Murders probe 'set up to fail'
A team of detectives established to investigate more than 3,000 unresolved murders in Northern Ireland is on the verge of being shut down after it was set up to fail by inspectors, Sir Hugh Orde has said.
Northern Ireland's former chief constable created the Historical Enquiries Team (HET) as an innovative way of meeting the demands of victims of republican, loyalist and state killings for more information about their loved ones' deaths.
The unit was severely criticised by Her Majesty's Inspectorate of Constabulary (HMIC) and a halt was put to publishing new reports.
Sir Hugh said: "My sense was we were set up to fail.
"I would have rather had a broad group of people across Northern Ireland to say the things that they were concerned about.
"We knew it was a huge risk, I felt, I knew, it was the right thing to do."
The senior officer, now president of the Association of Chief Police Officers (ACPO), returned to Northern Ireland to take part in the West Belfast Festival. He was in discussion about dealing with the past conflict with BBC journalist John Ware.
Sir Hugh said the HMIC's inspection was out of context and some criticisms were not fair. Among them were that the HET did not investigate killings by members of the army as rigorously as those by paramilitaries.
He added: "People from outside don't understand the complexity and emotion and versions of the truth and history that people have."
He said it was impossible to prosecute all historical cases and police could not resolve the issue alone.
"The critical bit of this for Northern Ireland was around, I felt, being really open and transparent and trying to give legitimacy to respecting the past and policing the future.
"My frustration now is how do you take dealing with the past forward?"
When he established the HET he expected politicians to bring forward a broader solution.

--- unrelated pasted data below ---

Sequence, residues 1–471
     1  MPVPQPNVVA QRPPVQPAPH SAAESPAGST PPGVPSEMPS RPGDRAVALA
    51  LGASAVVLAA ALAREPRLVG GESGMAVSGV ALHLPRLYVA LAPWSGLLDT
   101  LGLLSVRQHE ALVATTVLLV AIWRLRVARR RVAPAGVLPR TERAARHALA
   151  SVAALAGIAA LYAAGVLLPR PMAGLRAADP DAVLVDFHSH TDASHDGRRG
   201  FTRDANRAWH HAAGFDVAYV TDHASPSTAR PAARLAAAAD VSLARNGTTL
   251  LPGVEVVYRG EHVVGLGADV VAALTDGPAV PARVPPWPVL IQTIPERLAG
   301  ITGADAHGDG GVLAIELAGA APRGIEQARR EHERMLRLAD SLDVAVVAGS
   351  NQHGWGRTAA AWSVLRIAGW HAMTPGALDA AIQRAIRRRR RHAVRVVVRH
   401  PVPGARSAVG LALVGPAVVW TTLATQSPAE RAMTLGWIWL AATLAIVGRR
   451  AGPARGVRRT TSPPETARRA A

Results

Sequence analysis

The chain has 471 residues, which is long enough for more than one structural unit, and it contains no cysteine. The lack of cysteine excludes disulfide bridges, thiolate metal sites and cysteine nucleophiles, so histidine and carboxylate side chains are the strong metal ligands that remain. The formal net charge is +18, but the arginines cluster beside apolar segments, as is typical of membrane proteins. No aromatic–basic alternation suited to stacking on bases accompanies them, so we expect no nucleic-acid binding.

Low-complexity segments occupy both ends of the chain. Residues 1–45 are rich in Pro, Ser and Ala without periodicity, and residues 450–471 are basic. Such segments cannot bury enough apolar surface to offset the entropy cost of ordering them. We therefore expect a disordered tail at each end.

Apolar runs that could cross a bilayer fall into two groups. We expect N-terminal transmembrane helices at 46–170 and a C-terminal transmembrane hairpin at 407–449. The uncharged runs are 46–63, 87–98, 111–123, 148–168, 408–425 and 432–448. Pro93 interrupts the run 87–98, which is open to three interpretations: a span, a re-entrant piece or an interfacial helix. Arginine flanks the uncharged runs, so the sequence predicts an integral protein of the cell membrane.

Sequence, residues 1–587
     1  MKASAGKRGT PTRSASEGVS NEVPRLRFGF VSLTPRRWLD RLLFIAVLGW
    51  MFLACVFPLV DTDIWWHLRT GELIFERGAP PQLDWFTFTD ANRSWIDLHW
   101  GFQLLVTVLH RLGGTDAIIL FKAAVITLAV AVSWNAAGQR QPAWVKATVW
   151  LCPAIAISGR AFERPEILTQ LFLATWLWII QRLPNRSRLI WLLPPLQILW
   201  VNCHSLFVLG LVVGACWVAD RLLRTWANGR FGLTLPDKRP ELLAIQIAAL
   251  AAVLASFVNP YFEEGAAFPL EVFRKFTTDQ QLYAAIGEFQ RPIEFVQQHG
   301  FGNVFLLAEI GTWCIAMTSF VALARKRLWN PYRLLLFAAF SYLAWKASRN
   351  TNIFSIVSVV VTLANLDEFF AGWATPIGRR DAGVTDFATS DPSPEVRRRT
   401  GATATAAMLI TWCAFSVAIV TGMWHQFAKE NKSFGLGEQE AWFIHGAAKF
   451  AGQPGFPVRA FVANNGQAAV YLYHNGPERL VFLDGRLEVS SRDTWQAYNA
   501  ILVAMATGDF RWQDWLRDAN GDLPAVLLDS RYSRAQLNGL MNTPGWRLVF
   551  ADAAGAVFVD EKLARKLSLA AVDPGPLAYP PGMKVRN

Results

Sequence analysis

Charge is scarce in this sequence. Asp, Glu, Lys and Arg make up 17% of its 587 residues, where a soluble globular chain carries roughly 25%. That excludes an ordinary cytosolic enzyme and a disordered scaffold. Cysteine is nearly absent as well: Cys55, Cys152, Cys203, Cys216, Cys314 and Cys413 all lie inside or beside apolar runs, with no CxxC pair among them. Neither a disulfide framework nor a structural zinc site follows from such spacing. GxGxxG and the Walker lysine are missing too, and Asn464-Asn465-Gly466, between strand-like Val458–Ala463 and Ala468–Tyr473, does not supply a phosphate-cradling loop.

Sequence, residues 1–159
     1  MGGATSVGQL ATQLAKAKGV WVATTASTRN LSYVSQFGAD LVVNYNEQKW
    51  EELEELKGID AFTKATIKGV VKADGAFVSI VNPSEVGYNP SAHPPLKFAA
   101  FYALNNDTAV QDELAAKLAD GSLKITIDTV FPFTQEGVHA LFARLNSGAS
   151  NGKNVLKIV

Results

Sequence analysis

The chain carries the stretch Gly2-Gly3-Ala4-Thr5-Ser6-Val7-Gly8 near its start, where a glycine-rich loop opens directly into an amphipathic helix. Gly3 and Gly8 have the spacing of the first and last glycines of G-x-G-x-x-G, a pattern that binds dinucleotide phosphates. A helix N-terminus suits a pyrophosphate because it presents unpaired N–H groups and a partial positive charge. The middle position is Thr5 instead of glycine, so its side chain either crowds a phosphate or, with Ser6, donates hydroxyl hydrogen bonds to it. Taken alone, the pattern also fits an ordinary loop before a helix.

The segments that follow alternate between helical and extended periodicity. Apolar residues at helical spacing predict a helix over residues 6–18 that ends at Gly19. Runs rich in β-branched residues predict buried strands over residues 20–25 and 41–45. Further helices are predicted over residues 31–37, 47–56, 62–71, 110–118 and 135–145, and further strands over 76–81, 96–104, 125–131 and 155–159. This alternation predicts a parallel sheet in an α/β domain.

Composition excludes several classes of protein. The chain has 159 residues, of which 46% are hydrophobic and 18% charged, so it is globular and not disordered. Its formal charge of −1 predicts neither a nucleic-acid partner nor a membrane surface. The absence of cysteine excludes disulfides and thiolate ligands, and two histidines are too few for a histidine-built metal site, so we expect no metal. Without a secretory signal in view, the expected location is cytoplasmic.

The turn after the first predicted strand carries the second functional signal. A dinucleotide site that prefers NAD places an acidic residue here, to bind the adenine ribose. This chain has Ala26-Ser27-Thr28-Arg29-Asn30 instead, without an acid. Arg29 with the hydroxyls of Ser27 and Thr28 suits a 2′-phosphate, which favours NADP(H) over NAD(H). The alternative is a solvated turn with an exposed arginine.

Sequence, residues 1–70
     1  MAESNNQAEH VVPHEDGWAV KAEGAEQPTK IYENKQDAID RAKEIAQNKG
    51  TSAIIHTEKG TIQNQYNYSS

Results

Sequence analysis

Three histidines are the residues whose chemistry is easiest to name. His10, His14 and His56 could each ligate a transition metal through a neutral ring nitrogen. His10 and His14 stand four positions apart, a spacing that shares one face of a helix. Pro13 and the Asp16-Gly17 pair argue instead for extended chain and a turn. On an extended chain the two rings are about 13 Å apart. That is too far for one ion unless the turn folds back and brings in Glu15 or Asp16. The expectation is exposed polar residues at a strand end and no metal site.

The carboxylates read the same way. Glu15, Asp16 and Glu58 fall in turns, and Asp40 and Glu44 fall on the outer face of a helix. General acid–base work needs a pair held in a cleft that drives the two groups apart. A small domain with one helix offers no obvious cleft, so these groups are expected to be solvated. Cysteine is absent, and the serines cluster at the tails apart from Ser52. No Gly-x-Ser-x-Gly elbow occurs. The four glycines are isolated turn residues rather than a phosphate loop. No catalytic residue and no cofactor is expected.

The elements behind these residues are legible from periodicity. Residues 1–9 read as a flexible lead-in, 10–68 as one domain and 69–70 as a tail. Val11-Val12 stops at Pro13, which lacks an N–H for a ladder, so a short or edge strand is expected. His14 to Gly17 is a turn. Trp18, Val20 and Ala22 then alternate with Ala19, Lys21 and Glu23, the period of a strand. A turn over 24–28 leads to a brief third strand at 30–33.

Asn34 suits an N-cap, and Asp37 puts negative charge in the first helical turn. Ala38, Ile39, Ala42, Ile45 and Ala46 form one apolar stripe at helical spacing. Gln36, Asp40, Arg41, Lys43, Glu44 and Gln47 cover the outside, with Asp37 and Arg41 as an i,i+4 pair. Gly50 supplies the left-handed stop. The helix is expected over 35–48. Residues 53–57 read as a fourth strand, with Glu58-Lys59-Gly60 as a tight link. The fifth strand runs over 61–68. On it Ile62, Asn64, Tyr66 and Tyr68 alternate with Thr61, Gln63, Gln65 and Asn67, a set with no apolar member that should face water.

The latest effort to deal with the past foundered with the end of all-party talks chaired by former US diplomat Dr Richard Haass over Christmas without agreement.
He recognised the problems politicians faced.
But he added: "My frustration is we are continually talking about what has gone on rather than what happens next."
He said not every family needed a full scale independent murder investigation like one he previously worked on probing state collusion in loyalist killings.
The HET, which is many cases provided information to families rather than produced prosecutions, was partly a recognition of that.
The senior officer added: "I personally don't believe the legal process will resolve the issues for everyone here that has a right to something and at the minute they have nothing - that is not right."
He told an audience of victims and politicians that he took a risk to establish the unit.
"The more risk you take because it is the right thing to do, the more vulnerable you are to be attacked."
He commented: "We created probably the most impressive, depressing, archive of murder in Europe."
The former head of the HET, Dave Cox, has said at one stage it was more like a publishing house, such was the pressure to publish a large volume of reports dating back to the earliest days of Northern Ireland's 30-year conflict.